If enterprise IT is all about enterprise information, and making informed choices about how to treat and manage that information, which role is most privileged to make those decisions?
Sorry infrastructure folks, it's the database administrator.
The Database-Centric View
Another uncomfortable truth?
Despite everything you might read in the popular media, that's not changing and that's not likely to change anytime soon.
The DBA sees it all -- applications, middleware, databases -- all the stuff that really matters to the enterprise. They know what's exactly needed: access, performance, protection, security, etc.
One intellectually appealing element of Oracle's infrastructure strategy is simple: empower the database administrator to make informed infrastructure choices from their privileged perspective. If it's important, it lives in a database, and most likely an Oracle database.
Who else would be better privileged to understand the intrinsic value of most critical enterprise information?
That database-privileged view extends to the infrastructure products Oracle builds: Oracle Engineered Systems (Exadata and its brethren), Oracle Application Engineered Storage (the all-flash FS1 and the ZFS Storage Appliance), data protection (RMAN and the new Zero Data Loss Recovery Appliance) and equivalent (and compatible) offerings in the Oracle Cloud.
Each had a database-centric view. Each has a raft of unique and compelling Oracle database-specific features that you just won't find in generic server, storage or virtualization solutions. Each is co-engineered and delivered as a product, not a project.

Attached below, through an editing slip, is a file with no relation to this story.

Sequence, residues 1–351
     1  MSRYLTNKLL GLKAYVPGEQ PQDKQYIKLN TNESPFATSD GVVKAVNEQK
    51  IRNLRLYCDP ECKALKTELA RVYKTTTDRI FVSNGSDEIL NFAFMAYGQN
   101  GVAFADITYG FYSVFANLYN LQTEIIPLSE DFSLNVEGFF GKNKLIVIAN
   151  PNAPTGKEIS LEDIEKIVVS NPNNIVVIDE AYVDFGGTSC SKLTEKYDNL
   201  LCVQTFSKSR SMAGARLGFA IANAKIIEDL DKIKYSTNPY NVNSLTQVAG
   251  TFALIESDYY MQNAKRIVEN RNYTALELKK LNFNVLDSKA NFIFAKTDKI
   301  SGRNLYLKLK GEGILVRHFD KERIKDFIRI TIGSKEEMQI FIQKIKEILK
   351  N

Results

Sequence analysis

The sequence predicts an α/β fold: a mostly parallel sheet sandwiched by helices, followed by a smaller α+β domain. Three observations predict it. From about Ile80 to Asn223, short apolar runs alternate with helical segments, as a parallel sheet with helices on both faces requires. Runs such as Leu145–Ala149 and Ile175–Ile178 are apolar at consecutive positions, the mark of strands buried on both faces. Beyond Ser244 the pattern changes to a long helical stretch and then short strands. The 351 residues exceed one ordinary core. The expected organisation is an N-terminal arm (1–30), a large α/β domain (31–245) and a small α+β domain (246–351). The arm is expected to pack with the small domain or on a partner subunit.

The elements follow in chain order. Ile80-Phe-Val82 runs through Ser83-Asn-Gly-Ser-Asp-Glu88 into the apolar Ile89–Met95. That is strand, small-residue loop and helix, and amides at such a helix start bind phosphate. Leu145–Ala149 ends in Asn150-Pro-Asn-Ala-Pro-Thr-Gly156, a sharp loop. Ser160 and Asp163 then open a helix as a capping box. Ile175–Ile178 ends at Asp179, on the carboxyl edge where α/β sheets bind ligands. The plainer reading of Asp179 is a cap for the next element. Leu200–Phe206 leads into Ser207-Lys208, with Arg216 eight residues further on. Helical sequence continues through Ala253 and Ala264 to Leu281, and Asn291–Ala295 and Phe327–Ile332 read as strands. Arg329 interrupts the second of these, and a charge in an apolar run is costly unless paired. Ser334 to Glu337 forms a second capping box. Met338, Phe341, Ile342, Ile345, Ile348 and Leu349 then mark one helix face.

Coming from my previous background, it's an eye-opening experience.
No one else can do what Oracle does, period.
Here's the equation: if enterprise information matters, the database administrator ends up in a privileged role. Oracle designs engineered infrastructure solutions for this information-centric model.
It's unique, it's differentiated and it creates significant value. And only Oracle can do this.
The Industry View
I've been in and around the infrastructure end of the IT vendor business for over 30 years now. Times are not great for most.
On the other side, public clouds are starting to change the fundamental consumption model for enterprise IT -- infrastructure and applications as a variable operational expense, and not a capital investment.
I think Oracle has great answers to both. Oracle's legendary database and application franchise creates ample opportunity for highly differentiated answers in a world of me-too. The Oracle Cloud is built for enterprise IT -- technologically and operationally compatible with Oracle's on-premises solutions.
Both are showing signs of strong growth. More enterprise IT leaders are coming around to the view that information matters, and productized solutions that are inherently information (and database) centric can offer a better answer than generic, un-differentiated do-it-yourself projects.
The enterprise IT world is changing, and changing fast.
And rapid change can be an uncomfortable -- and unpopular -- thing.